In May 2007, Xtreme Everest sent a research team to the summit of Mount Everest. They took the first-ever measurement of the level of oxygen in human blood at 8400m, on the balcony of Everest. This was the centrepiece of an extensive and continuing programme of research into hypoxia (low oxygen levels) and human performance at extreme altitude. It’s aimed at improving the care of patients, especially those in intensive care, for whom hypoxia is a fundamental problem.
Then in 2013 a group of doctors and scientists from the charity returned to Nepal for 3 months. They undertook medical research on groups of trekkers who had signed up to be medically tested along the Everest Base Camp trek. The research team were specifically looking at how Westerner’s physiology differs from that of the Sherpas who have such clear advantages in the mountains over lowlanders; as well as testing twins and children to see whether epigenetic changes affect acclimatisation.
Thanks to numerous donations and generous sponsors, they have managed to analyse data from these research studies conducted at altitude. They have looked at everything from the working of the mitochondria, to nitric oxide metabolism and even the analysis of the ciliary hairs in the nasal passage. The results have increased our understanding of how our bodies respond to low oxygen environments, and the team has already started to use this knowledge to alter the care given to critically ill individuals.
One in five of us will end up in intensive care and one-fifth of those admitted will sadly die. A major cause of this is a lack of oxygen when it is most needed. This unique research team exploits the oxygen-thin air at high altitudes to provide critical insights into how intensive care patients might be helped in the future. It could save thousands of lives of people with a range of diseases including cancer, heart/lung disease, and cystic fibrosis.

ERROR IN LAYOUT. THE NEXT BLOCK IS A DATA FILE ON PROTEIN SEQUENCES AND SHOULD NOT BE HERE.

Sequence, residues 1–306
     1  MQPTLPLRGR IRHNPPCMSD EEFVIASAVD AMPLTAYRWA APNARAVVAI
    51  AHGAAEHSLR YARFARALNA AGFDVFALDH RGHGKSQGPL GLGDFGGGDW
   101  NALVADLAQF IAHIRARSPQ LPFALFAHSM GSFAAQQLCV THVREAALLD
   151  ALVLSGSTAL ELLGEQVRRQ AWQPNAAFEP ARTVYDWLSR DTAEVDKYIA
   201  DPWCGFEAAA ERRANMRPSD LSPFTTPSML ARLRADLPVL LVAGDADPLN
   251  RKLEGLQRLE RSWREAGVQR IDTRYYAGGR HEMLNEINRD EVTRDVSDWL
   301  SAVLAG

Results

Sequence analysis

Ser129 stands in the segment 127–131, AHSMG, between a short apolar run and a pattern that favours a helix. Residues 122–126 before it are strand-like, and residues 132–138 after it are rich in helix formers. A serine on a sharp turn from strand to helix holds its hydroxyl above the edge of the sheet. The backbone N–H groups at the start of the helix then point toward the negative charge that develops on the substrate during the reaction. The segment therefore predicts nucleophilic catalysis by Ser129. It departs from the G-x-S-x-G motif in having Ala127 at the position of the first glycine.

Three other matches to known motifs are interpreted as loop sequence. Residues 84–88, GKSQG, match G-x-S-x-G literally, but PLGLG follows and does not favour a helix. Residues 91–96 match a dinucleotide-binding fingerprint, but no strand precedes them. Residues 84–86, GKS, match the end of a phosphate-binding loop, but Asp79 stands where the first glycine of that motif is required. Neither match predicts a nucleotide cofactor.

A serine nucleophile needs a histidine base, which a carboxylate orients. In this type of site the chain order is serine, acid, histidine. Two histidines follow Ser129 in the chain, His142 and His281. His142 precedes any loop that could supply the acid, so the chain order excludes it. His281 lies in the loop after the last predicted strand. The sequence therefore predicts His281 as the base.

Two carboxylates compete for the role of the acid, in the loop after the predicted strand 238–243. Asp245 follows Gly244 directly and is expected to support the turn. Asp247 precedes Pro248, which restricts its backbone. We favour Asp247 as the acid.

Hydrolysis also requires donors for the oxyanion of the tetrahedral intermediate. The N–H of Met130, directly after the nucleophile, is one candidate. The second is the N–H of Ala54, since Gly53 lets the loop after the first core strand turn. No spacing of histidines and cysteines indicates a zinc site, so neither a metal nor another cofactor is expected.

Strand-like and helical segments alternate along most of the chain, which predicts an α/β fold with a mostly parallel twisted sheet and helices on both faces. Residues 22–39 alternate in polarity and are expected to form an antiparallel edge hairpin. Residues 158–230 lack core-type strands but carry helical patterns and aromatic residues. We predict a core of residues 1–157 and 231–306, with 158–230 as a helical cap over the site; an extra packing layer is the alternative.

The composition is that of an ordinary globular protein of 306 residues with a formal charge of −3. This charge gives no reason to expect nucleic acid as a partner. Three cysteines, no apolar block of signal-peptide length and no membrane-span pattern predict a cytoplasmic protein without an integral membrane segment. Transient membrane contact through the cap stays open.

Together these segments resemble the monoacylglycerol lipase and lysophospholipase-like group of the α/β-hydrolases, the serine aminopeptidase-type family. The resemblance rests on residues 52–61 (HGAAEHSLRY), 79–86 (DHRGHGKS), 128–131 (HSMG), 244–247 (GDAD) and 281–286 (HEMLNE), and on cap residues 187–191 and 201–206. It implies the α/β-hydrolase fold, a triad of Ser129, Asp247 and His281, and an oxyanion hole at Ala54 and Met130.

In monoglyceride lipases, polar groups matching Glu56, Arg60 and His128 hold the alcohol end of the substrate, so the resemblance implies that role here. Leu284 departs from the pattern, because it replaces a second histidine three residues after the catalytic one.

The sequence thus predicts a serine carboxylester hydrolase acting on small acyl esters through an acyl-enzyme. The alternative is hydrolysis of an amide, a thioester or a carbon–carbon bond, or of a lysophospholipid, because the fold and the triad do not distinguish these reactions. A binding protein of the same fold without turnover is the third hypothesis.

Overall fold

So what better way to celebrate the charity’s 10th anniversary than with a trek to Everest Base Camp where more medical research could be conducted along the way?
The research this time involved blood tests, collecting various swab samples, and detailed ultrasounds of our hearts and lungs. Together with the other trek group leaders, Andy and I also wore a special physiological monitoring vest and pulse oximeter. These assessed our heart rate, ECG, breathing rate, and sleeping positions as we ascended up the mountain. After a day of testing at ‘sea level’ in Kathmandu (1400m), we all flew out to Lukla (2800m) high in the Himalayas where the trek begins. It took 11 days in total to trek to Base Camp, with acclimatisation and medical testing days in Namche (3440m) and Pheriche (4270m).
Whilst the team have published a number of articles about their findings, and presented across the globe, their results have never formally been fed back to the Sherpa community who have supported them since their first visit to the Everest region. As part of the 10th anniversary trek a very successful conference was held in Namche for all of the Sherpas who had either helped with the expeditions so far, or were involved in the studies in 2013.
On Good Friday we then successfully led most of our group into Everest Base Camp. We could not have asked for better conditions that day – warm, sunny and clear – giving us fantastic views of Everest and the Khumbu icefall. Walking back from Base Camp it began to snow and overnight over a foot of snow fell. This made the first day of walking down a very different matter, but the scenery was made even more spectacular!
With over 80miles of walking, 2 close yak encounters, more than 50 people undergoing medical testing, and successful conferences by Xtreme Everest for the Sherpas and other Nepalis, it was certainly a busy trip requiring both physical and mental strength from everyone. I am very proud to say I helped in the success of this expedition, and been part of the Xtreme Everest team.
To find out more about the fantastic work Xtreme Everest have done, please visit http://xtreme-everest.co.uk